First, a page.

Speaking of Christmas, it appears that Santa Claus, his reindeer and all the elves got a present they’ll be quite happy with. Al Gore, on the other hand, got another well-deserved lump of coal in his stocking.
In 2008, you might recall, the former vice president and current global warming alarmist in chief said, “Some of the models suggest that there is a 75 percent chance the entire north polar ice cap, during some of the summer months, could be completely ice-free within the next five to seven years.”
As the “South Park” caricature of Mr. Gore would have said, in explaining the seriousness of the issue, “I’m super, duper cereal.”
Time magazine was right on board with Mr. Gore, with a 2006 cover ominously stating, “BE WORRIED. BE VERY WORRIED” (yes, it was in all capital letters), with a photo of a lonely polar bear riding a piece of floating ice.
Five years after Mr. Gore’s statement, the North Pole is still around and, in fact, thriving. BBC News reported earlier this month that ice is up by a resounding 50 percent this year from 2012 levels. So things are still nice and frigid for all those at Santa’s workshop. The polar bear population is thriving, as well.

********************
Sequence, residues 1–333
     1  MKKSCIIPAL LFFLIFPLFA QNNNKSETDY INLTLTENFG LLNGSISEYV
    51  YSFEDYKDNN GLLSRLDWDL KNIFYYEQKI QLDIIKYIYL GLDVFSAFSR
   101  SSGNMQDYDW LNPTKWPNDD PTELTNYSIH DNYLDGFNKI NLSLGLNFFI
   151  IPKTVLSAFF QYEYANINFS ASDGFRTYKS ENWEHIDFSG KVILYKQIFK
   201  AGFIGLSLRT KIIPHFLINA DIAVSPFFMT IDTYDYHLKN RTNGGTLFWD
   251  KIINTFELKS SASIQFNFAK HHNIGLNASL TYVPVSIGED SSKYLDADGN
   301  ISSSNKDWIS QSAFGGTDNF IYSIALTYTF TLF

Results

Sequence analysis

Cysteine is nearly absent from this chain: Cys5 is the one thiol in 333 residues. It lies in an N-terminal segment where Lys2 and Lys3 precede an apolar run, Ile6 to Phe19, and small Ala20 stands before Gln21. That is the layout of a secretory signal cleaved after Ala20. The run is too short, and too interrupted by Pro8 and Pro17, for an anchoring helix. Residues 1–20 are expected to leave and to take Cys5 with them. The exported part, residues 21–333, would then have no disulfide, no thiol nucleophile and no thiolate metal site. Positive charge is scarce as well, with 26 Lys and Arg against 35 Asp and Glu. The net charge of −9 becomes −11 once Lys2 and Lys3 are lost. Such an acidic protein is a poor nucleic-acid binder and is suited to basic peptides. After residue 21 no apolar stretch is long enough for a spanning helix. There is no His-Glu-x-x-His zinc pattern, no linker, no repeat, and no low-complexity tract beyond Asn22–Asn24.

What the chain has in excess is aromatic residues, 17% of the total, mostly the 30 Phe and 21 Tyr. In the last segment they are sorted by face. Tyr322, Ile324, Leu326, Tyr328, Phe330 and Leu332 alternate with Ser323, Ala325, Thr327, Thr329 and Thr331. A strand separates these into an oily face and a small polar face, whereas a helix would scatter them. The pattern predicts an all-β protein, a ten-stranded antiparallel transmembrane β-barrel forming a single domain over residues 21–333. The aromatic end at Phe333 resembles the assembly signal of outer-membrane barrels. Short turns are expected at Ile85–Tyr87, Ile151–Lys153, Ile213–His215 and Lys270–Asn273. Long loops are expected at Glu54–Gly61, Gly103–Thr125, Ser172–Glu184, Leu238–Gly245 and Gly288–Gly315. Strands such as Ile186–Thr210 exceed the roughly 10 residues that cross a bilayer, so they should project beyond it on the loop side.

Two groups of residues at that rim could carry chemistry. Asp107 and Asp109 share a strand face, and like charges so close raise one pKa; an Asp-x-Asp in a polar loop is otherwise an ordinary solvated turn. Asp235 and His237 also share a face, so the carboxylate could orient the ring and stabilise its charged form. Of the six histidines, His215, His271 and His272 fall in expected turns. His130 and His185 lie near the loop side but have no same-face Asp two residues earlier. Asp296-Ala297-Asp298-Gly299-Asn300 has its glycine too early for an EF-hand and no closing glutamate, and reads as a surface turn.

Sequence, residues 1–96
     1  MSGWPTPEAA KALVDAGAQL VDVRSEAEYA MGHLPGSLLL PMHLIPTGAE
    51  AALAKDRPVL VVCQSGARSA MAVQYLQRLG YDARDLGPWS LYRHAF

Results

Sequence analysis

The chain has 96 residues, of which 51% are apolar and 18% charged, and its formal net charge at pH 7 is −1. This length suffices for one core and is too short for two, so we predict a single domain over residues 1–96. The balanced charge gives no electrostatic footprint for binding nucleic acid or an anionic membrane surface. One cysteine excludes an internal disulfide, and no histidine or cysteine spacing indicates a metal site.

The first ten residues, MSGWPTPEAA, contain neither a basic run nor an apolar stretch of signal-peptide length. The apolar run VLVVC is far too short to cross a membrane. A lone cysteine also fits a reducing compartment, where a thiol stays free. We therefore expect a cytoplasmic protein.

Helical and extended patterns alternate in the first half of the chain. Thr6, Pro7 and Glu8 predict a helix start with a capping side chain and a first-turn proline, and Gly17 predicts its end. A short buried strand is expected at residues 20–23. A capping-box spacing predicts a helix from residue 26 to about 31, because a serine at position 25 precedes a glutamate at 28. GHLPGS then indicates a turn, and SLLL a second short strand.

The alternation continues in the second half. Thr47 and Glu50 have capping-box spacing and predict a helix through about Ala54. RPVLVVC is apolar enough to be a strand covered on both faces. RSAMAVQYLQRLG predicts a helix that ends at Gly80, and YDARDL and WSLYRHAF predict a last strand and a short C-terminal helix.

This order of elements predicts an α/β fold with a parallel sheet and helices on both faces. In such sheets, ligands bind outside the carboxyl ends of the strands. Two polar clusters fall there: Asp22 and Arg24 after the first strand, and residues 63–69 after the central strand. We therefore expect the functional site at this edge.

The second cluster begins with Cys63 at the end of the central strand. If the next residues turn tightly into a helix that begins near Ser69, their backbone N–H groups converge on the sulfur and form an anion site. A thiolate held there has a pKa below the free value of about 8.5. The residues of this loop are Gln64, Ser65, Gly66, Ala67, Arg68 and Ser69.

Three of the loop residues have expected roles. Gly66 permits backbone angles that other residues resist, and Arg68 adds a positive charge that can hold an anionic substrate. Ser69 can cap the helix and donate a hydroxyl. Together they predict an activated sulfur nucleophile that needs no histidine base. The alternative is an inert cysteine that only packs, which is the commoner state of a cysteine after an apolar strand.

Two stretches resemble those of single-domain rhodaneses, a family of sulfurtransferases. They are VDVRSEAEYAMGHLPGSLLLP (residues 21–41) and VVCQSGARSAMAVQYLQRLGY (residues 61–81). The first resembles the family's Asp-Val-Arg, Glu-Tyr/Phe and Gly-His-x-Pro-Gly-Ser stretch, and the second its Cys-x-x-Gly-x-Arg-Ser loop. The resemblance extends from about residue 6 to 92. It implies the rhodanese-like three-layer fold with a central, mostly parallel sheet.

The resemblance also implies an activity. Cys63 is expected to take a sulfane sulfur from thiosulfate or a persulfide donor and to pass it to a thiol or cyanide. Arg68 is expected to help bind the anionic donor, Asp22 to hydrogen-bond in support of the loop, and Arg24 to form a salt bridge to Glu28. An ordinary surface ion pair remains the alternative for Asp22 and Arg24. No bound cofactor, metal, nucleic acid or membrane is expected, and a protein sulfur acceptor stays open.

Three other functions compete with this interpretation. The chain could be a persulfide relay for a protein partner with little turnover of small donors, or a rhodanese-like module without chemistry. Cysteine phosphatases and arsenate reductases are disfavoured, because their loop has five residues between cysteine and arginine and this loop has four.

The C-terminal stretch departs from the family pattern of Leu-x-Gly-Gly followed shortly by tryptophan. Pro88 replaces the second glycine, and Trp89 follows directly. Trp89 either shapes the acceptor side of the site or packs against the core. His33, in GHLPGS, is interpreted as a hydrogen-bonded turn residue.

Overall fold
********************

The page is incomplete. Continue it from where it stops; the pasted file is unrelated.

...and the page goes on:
But such a turn of events won’t quiet the rabid climate change folks, because this has never been about what actually happens. It’s always been about alarmism, and that alarmism has been around quite a while. In 1975, Newsweek magazine published an article headlined “The Cooling World,” which suggested melting the polar ice caps.
The arrogance required to boldly predict anything that could happen on this planet — whether it’s in five years, 20 years, 100 years or more — is laughable.
The alarmism is less about “preventing” climate change than it is about raising gobs of money, which countless groups then use to push their agenda: to ratchet back first-world economies and living standards by making energy much more expensive and much less available.
Sure, there’s climate change. We like to call it “weather.” Enough with the hysteria. Stay cool, Mr. Claus.